What is Elective Share and How Does Georgia Treat It?

Elective share is a concept of considerable debate in Georgia.  Generally, speaking the “Elective Share” rights of a spouse is the right to inherit a certain percentage of the spouse’s estate.  Say, for example, husband wishes to completely disinherit his spouse and leave her nothing under his will.  Most states do not allow this.  The wife is entitled to an elective share of the husband’s estate.  The common amount that a spouse is entitled to inherit is 1/3 of the spouse’s estate.  In our example, the wife would be entitled to 1/3 of the value of the husband’s estate and the remainder would be distributed according to the husband’s will.

Georgia has taken a unique stance on the elective share rights of a spouse.  Under the current version of the state statute, one spouse can completely disinherit another spouse.   That being said, Georgia does not have a set elective share amount. Georgia is currently the only state in the United States that allows for complete disinheritance.  However, this harsh result has been mitigated by separate spousal and minor child rights.  Georgia recognizes a concept of a “Year’s Support”.  A spouse or minor child or a decedent can petition the probate court for a Year’s support.  This is more akin to establishing oneself as a creditor or the estate.  Plainly stated, the spouse or minor child petitions the court for an amount of support from the funds or assets of the estate, before the funds are distributed under the testator’s will.  The wife and minor child are entitled to this Year’s Support ahead of many of the other creditors of the estate.  This is a very powerful right and effectively accomplishes what the Elective Share laws of other states intend.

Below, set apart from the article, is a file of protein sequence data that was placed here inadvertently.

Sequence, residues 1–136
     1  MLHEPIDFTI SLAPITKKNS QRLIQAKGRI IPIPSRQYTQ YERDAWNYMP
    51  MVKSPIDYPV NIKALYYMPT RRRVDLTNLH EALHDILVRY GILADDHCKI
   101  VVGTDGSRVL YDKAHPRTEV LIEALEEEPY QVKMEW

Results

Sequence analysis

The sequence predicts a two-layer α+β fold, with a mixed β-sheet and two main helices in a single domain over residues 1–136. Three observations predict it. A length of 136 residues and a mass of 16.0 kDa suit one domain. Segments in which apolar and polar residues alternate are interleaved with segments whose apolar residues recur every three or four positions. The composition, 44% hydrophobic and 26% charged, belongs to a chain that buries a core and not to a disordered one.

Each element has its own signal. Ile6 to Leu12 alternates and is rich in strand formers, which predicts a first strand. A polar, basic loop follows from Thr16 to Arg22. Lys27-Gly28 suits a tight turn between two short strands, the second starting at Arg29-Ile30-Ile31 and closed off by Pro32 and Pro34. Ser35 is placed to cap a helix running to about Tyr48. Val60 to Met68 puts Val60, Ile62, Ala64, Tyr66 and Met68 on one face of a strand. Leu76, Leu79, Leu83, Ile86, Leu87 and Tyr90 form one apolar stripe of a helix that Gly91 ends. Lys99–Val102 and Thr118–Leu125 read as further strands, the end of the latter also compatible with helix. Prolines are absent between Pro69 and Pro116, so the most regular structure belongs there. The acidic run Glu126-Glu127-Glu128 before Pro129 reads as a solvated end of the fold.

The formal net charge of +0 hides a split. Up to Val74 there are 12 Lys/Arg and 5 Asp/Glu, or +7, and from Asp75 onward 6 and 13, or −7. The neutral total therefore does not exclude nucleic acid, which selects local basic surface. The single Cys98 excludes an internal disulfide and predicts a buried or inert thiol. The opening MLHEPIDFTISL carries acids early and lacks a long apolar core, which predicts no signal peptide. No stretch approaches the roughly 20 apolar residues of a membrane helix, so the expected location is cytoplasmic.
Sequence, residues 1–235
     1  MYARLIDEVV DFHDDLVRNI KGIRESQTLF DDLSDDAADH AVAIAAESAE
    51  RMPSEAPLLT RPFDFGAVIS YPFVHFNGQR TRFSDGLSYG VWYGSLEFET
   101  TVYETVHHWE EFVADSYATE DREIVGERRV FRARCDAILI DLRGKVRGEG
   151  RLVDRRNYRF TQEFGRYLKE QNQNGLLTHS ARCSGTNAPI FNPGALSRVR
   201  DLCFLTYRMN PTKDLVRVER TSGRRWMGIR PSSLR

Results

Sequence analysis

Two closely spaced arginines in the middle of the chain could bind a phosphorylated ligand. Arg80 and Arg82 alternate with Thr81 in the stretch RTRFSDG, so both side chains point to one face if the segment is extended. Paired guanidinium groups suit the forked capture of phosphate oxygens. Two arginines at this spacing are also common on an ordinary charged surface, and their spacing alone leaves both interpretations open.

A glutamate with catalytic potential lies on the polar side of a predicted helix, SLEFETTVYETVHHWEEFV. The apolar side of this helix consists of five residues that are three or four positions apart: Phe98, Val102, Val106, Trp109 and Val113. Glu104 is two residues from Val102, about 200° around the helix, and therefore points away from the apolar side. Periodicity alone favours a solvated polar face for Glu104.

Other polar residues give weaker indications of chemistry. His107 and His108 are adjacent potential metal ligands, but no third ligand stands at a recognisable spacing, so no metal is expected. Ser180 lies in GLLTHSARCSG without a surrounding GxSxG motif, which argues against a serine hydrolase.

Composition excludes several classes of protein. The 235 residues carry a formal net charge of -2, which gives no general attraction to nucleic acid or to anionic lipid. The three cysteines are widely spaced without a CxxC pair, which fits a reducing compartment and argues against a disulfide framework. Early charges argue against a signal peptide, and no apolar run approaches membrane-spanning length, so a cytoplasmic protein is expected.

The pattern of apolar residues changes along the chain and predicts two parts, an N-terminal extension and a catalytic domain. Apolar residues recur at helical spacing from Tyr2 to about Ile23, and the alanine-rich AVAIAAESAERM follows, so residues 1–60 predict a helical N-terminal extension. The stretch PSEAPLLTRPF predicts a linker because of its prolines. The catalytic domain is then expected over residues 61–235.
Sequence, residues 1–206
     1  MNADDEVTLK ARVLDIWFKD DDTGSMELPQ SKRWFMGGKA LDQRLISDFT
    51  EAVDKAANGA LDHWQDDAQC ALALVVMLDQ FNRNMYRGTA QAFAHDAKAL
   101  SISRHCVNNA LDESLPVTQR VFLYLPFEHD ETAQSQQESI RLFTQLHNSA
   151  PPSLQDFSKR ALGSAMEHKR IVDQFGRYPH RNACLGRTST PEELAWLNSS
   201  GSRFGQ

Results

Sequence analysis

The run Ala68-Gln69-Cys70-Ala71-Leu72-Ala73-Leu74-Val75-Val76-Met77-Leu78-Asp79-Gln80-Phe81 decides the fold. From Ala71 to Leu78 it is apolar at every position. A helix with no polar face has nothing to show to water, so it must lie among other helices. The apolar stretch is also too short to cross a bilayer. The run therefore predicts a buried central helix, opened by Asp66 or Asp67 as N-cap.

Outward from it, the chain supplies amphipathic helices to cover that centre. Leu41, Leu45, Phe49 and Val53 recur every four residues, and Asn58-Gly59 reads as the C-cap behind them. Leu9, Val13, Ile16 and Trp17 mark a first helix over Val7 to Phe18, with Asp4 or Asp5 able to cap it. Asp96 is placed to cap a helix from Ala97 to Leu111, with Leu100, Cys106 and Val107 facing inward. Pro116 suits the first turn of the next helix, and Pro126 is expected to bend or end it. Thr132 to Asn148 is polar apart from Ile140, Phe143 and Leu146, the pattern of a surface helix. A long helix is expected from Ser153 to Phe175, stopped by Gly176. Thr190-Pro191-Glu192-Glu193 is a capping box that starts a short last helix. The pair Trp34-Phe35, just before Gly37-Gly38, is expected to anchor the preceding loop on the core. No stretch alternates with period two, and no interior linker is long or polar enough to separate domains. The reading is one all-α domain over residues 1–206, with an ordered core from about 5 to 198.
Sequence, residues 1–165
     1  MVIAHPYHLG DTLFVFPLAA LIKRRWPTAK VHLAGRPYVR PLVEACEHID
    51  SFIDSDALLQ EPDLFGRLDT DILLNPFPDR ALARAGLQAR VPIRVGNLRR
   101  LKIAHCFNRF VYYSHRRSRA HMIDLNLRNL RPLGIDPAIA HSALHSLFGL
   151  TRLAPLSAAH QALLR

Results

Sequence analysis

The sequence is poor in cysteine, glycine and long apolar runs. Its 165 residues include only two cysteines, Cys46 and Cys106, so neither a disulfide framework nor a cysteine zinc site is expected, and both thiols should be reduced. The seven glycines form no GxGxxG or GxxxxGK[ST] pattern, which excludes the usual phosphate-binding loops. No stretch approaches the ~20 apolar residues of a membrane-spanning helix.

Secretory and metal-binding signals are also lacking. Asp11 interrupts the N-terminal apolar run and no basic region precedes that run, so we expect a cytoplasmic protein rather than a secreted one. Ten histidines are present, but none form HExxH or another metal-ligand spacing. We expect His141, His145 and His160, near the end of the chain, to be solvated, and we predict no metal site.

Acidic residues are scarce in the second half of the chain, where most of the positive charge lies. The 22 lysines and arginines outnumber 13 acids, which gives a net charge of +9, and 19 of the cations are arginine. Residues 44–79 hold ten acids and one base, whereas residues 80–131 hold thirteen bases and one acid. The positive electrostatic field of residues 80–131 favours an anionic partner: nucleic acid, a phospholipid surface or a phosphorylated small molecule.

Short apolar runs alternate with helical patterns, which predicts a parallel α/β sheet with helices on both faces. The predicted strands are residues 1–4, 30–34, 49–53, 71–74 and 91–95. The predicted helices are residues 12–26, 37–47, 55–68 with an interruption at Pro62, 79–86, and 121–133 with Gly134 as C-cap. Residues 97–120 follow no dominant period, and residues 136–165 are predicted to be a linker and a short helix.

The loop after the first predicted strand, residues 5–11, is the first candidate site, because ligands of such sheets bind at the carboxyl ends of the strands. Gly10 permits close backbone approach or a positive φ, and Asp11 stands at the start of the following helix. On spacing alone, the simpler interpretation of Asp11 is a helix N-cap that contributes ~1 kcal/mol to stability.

Jason Mance Gordon




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